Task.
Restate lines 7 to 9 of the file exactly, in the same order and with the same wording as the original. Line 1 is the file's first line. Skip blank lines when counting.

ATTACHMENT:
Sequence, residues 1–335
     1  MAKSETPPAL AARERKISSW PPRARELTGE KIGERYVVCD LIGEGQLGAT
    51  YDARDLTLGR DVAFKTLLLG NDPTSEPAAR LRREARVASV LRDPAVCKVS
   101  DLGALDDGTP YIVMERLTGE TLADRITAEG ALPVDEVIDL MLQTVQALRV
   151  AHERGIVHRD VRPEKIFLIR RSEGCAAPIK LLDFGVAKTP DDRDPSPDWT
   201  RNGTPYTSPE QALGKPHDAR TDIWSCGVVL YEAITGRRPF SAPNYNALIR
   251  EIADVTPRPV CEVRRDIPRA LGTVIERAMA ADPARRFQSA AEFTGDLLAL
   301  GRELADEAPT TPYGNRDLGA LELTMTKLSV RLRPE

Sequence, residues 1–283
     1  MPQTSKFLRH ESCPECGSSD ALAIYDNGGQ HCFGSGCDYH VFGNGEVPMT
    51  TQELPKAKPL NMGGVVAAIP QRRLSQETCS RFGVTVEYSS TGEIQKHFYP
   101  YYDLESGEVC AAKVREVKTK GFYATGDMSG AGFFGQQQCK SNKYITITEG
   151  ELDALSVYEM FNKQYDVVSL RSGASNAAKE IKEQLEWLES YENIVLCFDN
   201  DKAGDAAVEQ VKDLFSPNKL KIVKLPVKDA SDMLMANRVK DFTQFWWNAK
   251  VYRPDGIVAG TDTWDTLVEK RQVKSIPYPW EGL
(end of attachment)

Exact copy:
   251  EIADVTPRPV CEVRRDIPRA LGTVIERAMA ADPARRFQSA AEFTGDLLAL
   301  GRELADEAPT TPYGNRDLGA LELTMTKLSV RLRPE

Sequence, residues 1–283